Hitman or lone psychopath?
UNDERSTANDABLY, given the scale of the slaughter, early coverage suggested a professional execution by one more trained hitmen.
But the evidence suggests otherwise. Clues left at the crime scene, police are convinced, are ‘ not compatible’ with a professional killing by someone, say, from a foreign intelligence service; the gunman was ‘disorderly’ — at least 11 stray bullets were found around the BMW.
All the victims were shot with the same gun, which almost certainly means there was only one killer.
Parts of the gun, it has emerged, were found at the scene, suggesting there may have been a struggle between one or more of the victims and the killer, which resulted in the weapon breaking.
It was a semi-automatic Luger PO8, firing 7.65mm ammunition, standard issue for the Swiss army between 1900 and 1945. Such an old-fashioned weapon — more than 60 years old — is not one you would normally associate with a ‘professional’ assassin. So could the killer have been Swiss, not French? Military service for 22 weeks is compulsory in Switzerland at 18. The weapon issued then is for life, or at least until the age of 50, when Swiss men are taken off the reservist list.
Annecy is only about 20 miles from the Swiss border, so such guns in that part of the world are not hard to come by.
However the gun was obtained, there is a growing consensus among local police that the murders were the work of a lone psychopath or ‘ tireur fou’ — ‘mad gunman.’
Staff at French psychiatric hospitals, it can be revealed, have been questioned by gendarmes, as have members of shooting clubs and hunting associations.
All psychiatric patients who may have been released recently f rom hospital, or are on day release, are i n the process of being tracked down.
The sinister motorcyclist
OFFICERS want to trace the rider of a black motorbike spotted in the area 30 minutes after the murders.
He has aroused suspicion because
Mystery: The murder scene and (inset) Sylvain Mollier he was stopped by two Forestry Office officials who ordered him to leave after observing him riding on a track forbidden to motor vehicles.
The rider is now the subject of a line of inquiry that has never been disclosed: that he might have been involved in a road rage incident with Mr Mollier.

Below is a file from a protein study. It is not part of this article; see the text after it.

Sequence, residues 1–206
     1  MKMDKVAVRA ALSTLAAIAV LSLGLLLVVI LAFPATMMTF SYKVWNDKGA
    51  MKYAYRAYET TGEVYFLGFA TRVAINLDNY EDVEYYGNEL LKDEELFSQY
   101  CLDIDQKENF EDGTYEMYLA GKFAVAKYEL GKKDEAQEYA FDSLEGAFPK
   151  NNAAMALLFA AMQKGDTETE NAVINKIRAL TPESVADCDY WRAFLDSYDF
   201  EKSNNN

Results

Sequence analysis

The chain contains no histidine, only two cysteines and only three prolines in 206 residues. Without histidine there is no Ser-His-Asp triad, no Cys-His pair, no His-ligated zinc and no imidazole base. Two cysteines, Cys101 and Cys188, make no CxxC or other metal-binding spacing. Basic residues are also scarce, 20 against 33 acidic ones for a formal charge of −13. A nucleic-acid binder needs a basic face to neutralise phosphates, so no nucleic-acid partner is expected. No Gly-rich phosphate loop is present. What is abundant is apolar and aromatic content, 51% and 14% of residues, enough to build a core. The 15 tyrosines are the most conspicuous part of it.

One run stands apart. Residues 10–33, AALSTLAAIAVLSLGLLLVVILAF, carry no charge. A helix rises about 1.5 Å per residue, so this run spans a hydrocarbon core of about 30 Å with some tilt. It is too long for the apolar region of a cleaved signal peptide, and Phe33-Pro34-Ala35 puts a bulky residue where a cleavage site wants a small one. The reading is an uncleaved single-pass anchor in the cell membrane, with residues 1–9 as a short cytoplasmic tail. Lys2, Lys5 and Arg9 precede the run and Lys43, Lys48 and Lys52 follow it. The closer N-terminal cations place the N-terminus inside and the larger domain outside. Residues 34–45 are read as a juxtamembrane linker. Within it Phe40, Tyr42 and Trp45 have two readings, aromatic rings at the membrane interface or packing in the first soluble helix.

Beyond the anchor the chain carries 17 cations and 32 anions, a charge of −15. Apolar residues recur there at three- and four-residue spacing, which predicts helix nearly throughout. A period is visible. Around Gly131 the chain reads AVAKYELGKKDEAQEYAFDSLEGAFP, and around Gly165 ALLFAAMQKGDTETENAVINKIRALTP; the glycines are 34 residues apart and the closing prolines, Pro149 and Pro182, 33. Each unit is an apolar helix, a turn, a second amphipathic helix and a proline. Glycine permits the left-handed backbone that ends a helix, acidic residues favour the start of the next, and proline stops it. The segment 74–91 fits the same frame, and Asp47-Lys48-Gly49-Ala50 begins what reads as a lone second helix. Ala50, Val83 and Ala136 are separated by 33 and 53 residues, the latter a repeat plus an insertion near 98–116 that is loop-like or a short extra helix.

A criminal psychologist drafted in by police believes this scenario was more likely to have involved Mr Mollier because Mr Al-Hilli didn’t speak French, making it difficult for an argument to escalate.
Officers are now checking if there have been ‘road rage’ attacks elsewhere in France with any similarities to the Annecy killings.
The Saddam money trail
DESPITE these more prosaic explanations, the conspiracy theories refuse to go away. The latest twist surfaced at the weekend in Le Monde, which suggested money — possibly up to £840,000 — had been deposited in the Swiss bank account of Mr Al-Hilli’s late father, Kadhim, by Saddam Hussain.
Mr Al-Hilli senior was close to the old Iraqi regime, but is said to have fallen foul of the late dictator in the Seventies when the family’s mechanical engineering business was seized. He subsequently fled to Britain.
But could it be that the split from Saddam was not all it seemed? Did the tyrant continue to pay Mr Al - Hilli senior for services rendered — or use his account to salt away cash reserves in case he had to flee Iraq? Was Mr Al-Hilli’s son in Annecy to pick up this money? Annecy, after all, is less than an hour’s drive from the famously discreet banks of Geneva.
The Le Monde article quotes a French police ‘source’, saying that the ‘Saddam Connection’ had been uncovered by German intelligence agency BND. The money flow to and from Baghdad was kept under close scrutiny by the BND because Germany once had strong business
links with Saddam. The story, it should be stressed, has been officially denied by the French prosecutor Eric Maillaud, who is leading the Annecy inquiry.
Even so, money — or rather a family dispute over money — has always been at the forefront of the inquiry. Following Kadhim Al-Hilli’s death last year, his legacy led to a feud between his sons — Saad and Zaid.